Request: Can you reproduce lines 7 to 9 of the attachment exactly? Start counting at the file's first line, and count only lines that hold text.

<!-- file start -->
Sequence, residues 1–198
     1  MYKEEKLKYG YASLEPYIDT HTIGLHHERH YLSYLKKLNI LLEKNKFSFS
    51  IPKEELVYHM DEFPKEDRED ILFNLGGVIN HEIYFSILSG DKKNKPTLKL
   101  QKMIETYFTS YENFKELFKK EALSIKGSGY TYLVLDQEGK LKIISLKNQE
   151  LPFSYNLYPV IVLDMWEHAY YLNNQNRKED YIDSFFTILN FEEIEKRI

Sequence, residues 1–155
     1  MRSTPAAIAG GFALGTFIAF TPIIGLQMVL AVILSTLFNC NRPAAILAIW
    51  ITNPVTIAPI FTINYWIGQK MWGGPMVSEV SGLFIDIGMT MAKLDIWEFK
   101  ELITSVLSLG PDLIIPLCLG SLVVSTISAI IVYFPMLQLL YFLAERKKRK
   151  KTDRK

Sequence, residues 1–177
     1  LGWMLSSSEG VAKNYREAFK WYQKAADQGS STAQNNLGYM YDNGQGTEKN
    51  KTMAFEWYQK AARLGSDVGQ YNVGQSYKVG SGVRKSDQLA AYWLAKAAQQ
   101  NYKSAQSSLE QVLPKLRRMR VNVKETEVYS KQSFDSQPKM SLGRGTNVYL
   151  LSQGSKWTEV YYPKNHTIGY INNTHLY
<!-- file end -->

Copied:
     1  MRSTPAAIAG GFALGTFIAF TPIIGLQMVL AVILSTLFNC NRPAAILAIW
    51  ITNPVTIAPI FTINYWIGQK MWGGPMVSEV SGLFIDIGMT MAKLDIWEFK
   101  ELITSVLSLG PDLIIPLCLG SLVVSTISAI IVYFPMLQLL YFLAERKKRK